PSC to vote on Lifeline phone charge

Georgia could become the first state to charge low-income residents $5 a month for what is now free cellphone service aimed at assuring the poor have access to basic communications.

The proposal before the state Public Service Commission comes after reports of fraud and abuse in the federal cellphone program, called Lifeline.

The charge has drawn criticism from consumers groups who say the state’s poorest residents should not have to pay $60 a year for phone service. Phone companies that participate in Lifeline say they do not have the systems in place to bill Lifeline consumers.

Some of the companies object because they fear it would reduce usage and cost them federal revenue they get for providing the service.

The PSC is scheduled to vote on the issue Tuesday. The commission voted 3-2 last winter to proceed with planning how the charge would work.

The charge idea, pushed mainly by commission member Doug Everett, came after a U.S. Government Accountability Office reported that as many as one in six people receiving free cell phones did not meet income or other need-based requirements to receive the free or discounted phone service.

The Federal Communications Commission overhauled Lifeline in 2012, requiring consumers to reapply for the program annually and to provide better documentation of income. A national database that lets phone companies cross-check and see whether someone already has a Lifeline phone is scheduled to be released to all 50 states next year.

In Georgia, the number of Lifeline customers has dropped 35 percent from 1.1 million in September 2012 to roughly 717,000 in August 2013 because of the FCC reforms and the improved economy. A group of phone companies who provide Lifeline phones to Georgians also have started their own database to keep track of customers.

Everett said those steps aren’t enough.

“The FCC is not doing all the jobs that they could be doing, and we’re having to take up the slack,” he said during a PSC hearing last week.

Lifeline was created during the Reagan Administration and expanded in 2005 to cover mobile phones. The program is funded through the Universal Service Fund, a surcharge on nearly everyone’s landline and wireless phone bill each month. The money is handled by a third-party company, which the FCC oversees.

Recipients get a cellphone and 250 minutes of monthly talk time for free. One phone per household is allowed, but the federal audit found that some homes had more than one phone.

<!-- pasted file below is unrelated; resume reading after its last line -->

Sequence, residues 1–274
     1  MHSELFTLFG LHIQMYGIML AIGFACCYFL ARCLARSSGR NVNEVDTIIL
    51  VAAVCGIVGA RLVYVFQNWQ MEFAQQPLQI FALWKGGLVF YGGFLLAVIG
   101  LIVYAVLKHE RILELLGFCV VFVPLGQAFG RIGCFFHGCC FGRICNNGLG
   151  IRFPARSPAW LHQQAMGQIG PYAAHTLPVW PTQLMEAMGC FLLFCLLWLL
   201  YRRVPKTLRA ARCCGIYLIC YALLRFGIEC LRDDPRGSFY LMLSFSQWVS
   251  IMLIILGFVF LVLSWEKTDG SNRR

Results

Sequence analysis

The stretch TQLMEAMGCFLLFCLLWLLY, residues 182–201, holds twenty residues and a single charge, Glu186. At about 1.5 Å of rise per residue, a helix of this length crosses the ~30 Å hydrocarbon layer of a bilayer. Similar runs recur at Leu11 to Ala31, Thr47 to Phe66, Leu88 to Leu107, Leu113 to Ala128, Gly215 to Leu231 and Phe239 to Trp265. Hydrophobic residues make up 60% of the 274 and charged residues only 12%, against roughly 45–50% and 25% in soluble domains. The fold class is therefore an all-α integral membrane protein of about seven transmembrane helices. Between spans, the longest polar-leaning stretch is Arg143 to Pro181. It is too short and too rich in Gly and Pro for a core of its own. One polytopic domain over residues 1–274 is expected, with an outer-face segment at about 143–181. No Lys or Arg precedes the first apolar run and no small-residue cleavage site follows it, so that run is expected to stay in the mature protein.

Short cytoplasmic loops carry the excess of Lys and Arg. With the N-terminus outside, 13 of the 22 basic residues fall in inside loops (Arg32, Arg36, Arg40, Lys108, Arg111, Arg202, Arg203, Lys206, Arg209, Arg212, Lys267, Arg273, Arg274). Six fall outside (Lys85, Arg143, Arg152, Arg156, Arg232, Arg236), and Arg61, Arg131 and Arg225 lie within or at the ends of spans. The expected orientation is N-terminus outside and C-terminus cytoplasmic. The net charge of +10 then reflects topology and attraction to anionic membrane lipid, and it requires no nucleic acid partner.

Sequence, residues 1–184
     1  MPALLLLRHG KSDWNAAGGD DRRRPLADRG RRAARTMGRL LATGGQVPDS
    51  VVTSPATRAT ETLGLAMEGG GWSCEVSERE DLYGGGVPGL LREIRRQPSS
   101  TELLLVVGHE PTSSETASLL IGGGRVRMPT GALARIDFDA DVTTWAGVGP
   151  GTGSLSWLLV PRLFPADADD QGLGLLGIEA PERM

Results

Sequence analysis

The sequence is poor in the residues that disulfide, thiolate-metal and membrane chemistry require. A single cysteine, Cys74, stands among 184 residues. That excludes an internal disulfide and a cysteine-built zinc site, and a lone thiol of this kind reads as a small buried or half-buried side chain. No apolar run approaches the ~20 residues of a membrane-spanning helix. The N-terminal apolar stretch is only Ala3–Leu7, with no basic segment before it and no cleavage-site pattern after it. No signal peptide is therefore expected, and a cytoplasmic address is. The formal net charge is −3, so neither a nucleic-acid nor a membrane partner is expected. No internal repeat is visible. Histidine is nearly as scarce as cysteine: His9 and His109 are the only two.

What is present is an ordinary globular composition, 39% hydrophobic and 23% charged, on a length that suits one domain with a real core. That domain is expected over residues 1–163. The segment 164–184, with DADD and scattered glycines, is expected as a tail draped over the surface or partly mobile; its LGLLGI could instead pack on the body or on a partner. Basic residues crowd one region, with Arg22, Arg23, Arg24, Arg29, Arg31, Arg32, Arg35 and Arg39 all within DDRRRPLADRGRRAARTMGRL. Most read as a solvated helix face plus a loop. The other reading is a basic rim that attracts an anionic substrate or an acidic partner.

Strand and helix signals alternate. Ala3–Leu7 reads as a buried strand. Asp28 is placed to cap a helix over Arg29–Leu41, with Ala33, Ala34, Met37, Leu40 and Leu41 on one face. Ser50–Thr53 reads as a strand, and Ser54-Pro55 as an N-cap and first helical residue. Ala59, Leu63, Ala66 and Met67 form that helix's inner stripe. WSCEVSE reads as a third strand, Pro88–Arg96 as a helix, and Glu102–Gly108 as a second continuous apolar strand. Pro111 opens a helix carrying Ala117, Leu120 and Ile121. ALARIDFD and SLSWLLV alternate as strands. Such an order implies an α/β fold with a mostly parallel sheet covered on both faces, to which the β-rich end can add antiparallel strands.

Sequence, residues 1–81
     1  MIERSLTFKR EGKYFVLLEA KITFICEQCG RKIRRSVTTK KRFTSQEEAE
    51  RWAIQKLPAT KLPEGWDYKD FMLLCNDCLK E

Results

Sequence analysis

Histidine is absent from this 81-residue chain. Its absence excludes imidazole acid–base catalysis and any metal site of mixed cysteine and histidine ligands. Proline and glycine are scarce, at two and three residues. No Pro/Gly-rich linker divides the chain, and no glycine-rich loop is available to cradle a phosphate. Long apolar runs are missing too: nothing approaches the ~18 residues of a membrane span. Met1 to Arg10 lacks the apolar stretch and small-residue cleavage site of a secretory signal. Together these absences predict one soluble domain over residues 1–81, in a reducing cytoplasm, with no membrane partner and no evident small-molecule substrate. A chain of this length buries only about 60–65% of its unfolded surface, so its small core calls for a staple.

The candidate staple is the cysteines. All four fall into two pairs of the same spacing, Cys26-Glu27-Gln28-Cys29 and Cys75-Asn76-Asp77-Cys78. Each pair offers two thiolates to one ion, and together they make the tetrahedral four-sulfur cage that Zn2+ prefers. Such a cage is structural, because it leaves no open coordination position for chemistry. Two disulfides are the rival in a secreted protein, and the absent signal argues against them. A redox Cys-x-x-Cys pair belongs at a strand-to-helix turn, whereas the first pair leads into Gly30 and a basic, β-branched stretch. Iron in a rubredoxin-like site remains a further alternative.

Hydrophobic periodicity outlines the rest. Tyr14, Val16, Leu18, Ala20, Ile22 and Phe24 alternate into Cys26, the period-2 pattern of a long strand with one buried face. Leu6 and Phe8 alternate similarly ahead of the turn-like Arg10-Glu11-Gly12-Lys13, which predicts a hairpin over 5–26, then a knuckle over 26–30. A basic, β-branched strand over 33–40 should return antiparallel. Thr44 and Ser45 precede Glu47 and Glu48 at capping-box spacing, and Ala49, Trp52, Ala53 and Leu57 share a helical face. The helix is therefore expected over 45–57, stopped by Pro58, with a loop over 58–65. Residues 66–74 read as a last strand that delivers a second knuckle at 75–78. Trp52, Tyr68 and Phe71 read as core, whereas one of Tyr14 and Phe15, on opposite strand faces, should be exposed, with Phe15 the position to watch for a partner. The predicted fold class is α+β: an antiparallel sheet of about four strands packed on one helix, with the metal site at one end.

If a state doesn’t use all of its allotted Universal Service Fund money, the funds go to other states. Opponents of the proposed charge say it will force some Georgians off the Lifeline rolls here and send money to other states.

“We’ll be paying that charge for Lifeline customers in the other 49 states,” said Anne Lewis, a lawyer for Covington-based Telrite Corp., a wireless company operating in 17 states.

Many pre-paid phone companies created a business model around receiving the monthly government subsidy. The companies use that subsidy to buy bare-bones cellphones and offset the cost of service.

The PSC’s new $5 fee would not reduce the Universal Service Fee. Rather, it would go to the phone provider, something that phone company officials testified they do not want.

“You would be taking $5 a month, $60 a year from the poorest people in the state of Georgia and transferring that money to telecommunications companies, companies that don’t need the money, companies that never asked for the money, companies that don’t want the money,” said Mitchell Brecher, an attorney representing Tracfone Wireless, a major Lifeline phone provider.

Everett sharply disagreed.

“You’re taking money now from some of the poorest people in the world and giving it to other people that have not worked for it,” he said.

Participation nationwide ballooned after 2008 when the nation’s economy was in free fall and states became more aggressive in marketing and signing up customers. All helped the program grow beyond the government’s ability to keep track of its participants.

California and other states have considered a fee but have not implemented one.

Liz Coyle, deputy director of the consumer rights group Georgia Watch, said the proposed $5 fee would punish Georgians who need every penny.

“I can tell you there are families in Georgia who literally struggle from paycheck to paycheck or whatever means they have to meet their monthly need for food and medicine,” she said.

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